scale, question, importance-2635397.jpg

Dying Declaration must be subject to close scrutiny before being relied upon: The Supreme Court

-Report by Rhea Mistry

In Kamal Khudal v. the State of Assam, the supreme court stated that conviction can depend upon a dying declaration after corroborating and checking whether the said dying declaration is true. Even if the dying declaration is not corroborated, the court can move forward with the decision relying on it without any further verification.

Kamal Khudal is a convict, appellant herein, and has appealed to the supreme court to dismiss his punishment. Kamal Khudal and two others were accused of the murder of the deceased, Uttam Datta, and charged with an offense punishable under section 302 read with section 34 of the IPC.

In the judgment dated 10.06.2010, the two accused, Munna Bhoi and Kamal Khudal were charged with life imprisonment with a fine of Rs. 2000/- each, and if there is a default in payment of the fine, further punishment of rigorous imprisonment for a period of two months. Bipin Bhoi, the third co-accused was granted the benefit of the doubt and acquitted from the punishment.

In that case, on 15th July 2007 at 7 am, the co-accused, Munna Bhoi had come to receive the deceased, Uttam Datta, for paddy plantation adjacent to his liquor local shop. When the deceased had left with the co-accused, the brother of the deceased was present at home. After working in the field for some time, the deceased had tagged along with Munna Bhoi to his liquor shop where there was some commotion detected after going in shop as said by
the locals in its vicinity area.

After a few minutes of commotion, the deceased had come out with burns all over him, and this was witnessed by a local, Hanu Khetrapal. When asked about what had happened, the deceased had told him that the accused had poured hot Lali (the raw material used to make liquor) over him which caused him the burns. The deceased left and later his dead body was found in the drain of Duribam Tea Estate.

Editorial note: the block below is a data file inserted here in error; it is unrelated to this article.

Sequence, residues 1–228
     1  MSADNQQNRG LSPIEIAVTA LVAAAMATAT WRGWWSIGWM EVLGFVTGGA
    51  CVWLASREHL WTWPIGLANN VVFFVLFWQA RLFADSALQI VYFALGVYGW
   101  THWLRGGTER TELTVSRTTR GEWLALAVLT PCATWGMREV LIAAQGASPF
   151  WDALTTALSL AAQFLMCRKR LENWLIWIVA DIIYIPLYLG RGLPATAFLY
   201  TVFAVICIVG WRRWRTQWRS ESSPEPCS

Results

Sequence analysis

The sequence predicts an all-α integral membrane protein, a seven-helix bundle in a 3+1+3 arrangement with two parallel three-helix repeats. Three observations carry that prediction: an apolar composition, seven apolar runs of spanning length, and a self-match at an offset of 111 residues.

The learned counsel of the appellant asserted that the court had made an error in deciding the case. He stated that the judge considered the dying declaration without any corroboration and verification, and said the case is “reliable in legal evidence”. Arguing that as per the rule of prudence, the learned counsel stated the court should rely upon corroboration before relying on the dying declaration. The presence of the brother of the deceased, while the deceased went along with the accused, does not prove anything and cannot be considered as last seen together.

According to the medical reports of the postpartum of the deceased done by Dr. Nirmal Chutia, he examined that the deceased had healthy organs, but burns all over his body. His body has 75% of burns which caused multiple dark ecchymosis on his skin. Ecchymosis means discoloring of the skin resulting from blood underneath. He certified that the marks and injuries were caused after the death of the deceased and that the cause of death was shock and hemorrhage resulting from chest & skull injuries and skull injuries, including that on the thorax, multiple injuries had been detected.

The Supreme Court stated that the High Court decided the case accepting the dying declaration. The court said

“The law regarding the nature, scope, and value as a piece of evidence of oral and written dying declarations is now fairly well settled by various judicial decisions of this Court. A dying declaration, oral or written, before it could be relied upon, must pass a test of reliability as it is a statement made in the absence of the accused and there is no opportunity for the accused even to put it through the fire of cross-examination to test is genuine or veracity. The court has, therefore, subjected it to close scrutiny. But once the court is satisfied that it is a truthful version as to the circumstances in which the death resulted and the persons causing injuries, the law does not expect that there should be corroboration before it can be relied upon. However, if there are infirmities and the court does not find it safe to base any conclusion on it without some further evidence to support it, the question of corroboration arises.”

The maxim “Nemo moriturus praesumitur mentire” is put to use here which means that a person does not go to his creator with a lie in his mouth. The court believes that when a man is on the brink of death, the person will not lie.

The SC also stated that the appellant was arrested on 23rd July 2007 when he was supposed to be arrested on the 15th of July 2007. And that the appellant has not revealed what or where he was from the 15th of July to the 23rd of July. This proves that he was absconding. The Supreme court dismissed this appeal stating that there is no reason for them to interfere in the appeal and the judgment made by the High Court stands by.

Leave a Reply

Your email address will not be published. Required fields are marked *